A conversation between, Ghassan Shakah, the mayor of Israeli occupied Nablus, and the unnamed occupying Colonel, as reported by Ghassan Shakah:
Mayor: Our people are suffering terribly. You destroy our electricity and water systems, we repair them with German and Norwegian money, and you destroy them again. We can’t bear this collective punishment any longer.
Colonel: One third of the suicide bombings originate in Nablus. Yes, we’re hurting you, but we’ve no other way to stop the terror.
Mayor: You’ve destroyed our police stations, and we have no police and no courts. You never mention the cause of all the trouble—your cruel occupation.
Colonel: Stop the terror.
Mayor: But I told you, we have no police in the streets. You’ve forbidden them to wear uniforms or to carry guns.
Colonel: Oh, that is a policy issue, so I have nothing to say. The occupation is a political decision, so I have nothing to say. As a soldier, I am here to obey orders.
Mayor: You are not only destroying our houses, but our economy and our culture.
The article goes on to ask the question: “Does the Geneva Accord signed last December still offer any hope for peace?” It gives a good account of the strengths and weaknesses of the plan, but the question is rather beside the point, as Bush has already endorsed Sharon’s plan. What is Sharon’s plan?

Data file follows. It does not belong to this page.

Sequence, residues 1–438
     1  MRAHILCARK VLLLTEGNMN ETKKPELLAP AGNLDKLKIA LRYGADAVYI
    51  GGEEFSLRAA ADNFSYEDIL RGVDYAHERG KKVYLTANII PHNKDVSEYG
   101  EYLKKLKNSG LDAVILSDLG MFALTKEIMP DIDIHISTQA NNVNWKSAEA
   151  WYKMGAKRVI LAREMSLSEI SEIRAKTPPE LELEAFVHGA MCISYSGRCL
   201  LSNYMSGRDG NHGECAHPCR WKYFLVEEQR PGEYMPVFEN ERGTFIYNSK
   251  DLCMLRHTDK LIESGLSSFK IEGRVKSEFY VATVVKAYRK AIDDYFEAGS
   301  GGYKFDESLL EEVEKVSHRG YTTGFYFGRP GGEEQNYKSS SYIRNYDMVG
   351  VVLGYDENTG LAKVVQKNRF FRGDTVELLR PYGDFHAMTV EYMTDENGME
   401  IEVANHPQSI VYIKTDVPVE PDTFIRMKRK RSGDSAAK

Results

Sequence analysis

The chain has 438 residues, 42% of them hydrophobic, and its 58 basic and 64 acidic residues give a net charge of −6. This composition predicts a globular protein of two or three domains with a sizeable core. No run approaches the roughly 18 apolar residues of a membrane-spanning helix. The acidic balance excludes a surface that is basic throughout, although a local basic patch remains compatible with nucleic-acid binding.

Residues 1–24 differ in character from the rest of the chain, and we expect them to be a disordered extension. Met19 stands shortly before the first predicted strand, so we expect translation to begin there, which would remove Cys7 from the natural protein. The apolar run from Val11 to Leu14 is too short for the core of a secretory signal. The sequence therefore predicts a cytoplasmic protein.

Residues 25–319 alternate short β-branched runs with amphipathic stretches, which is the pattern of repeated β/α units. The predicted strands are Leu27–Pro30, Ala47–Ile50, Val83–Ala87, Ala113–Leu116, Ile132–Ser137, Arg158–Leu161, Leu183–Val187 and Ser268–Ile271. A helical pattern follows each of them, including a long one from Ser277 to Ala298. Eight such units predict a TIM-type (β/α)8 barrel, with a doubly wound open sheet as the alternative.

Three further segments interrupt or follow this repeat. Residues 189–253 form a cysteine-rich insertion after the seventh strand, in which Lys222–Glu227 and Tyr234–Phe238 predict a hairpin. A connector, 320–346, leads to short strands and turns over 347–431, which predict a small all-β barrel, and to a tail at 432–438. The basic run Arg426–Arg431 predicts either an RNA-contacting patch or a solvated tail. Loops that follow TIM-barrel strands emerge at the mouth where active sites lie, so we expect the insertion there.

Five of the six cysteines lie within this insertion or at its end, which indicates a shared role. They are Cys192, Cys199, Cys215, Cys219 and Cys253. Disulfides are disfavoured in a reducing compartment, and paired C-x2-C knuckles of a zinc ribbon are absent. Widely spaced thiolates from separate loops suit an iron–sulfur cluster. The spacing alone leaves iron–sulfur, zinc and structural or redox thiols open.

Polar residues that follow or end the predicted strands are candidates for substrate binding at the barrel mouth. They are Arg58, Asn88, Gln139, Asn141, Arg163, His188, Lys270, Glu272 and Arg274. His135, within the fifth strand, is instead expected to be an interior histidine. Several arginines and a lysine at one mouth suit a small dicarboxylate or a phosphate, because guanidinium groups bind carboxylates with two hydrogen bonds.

Sharon’s master plan, as revealed in many articles in the Israeli press, is to create three Palestinian cantons—to the north of Jerusalem, to the south of Jerusalem, and the third (very small) around Jericho near the Jordan River. Another fence, not yet approved by his cabinet or the Knesset, would cordon off for Israel a large swath of eastern Palestine mostly in the Jordan Valley. The Palestinians already call the cantons Bantustans; Sharon will call them a Palestinian state.
In another article in the same issue of the New York Review of Books, Samantha Power writes about Hannah Arendt’s theory of totalitarianism:
… the targets of persecution also had to be subtly removed from the realm of legal, national, and ultimately moral obligation. In Origins, Arendt showed totalitarian regimes only gradually denying a person his legal right to have rights, or his government’s protection; forcing him into such subhuman conditions that he began to lose his capacity for human solidarity; and destroying his individuality and spontaneity so that nothing remained “but ghastly marionettes with human faces.” By the end of this sequential, determined process, the “rightless,” as Arendt classified them, had become not merely a means to an end, but an utterly “superflurous” subsection of humanity.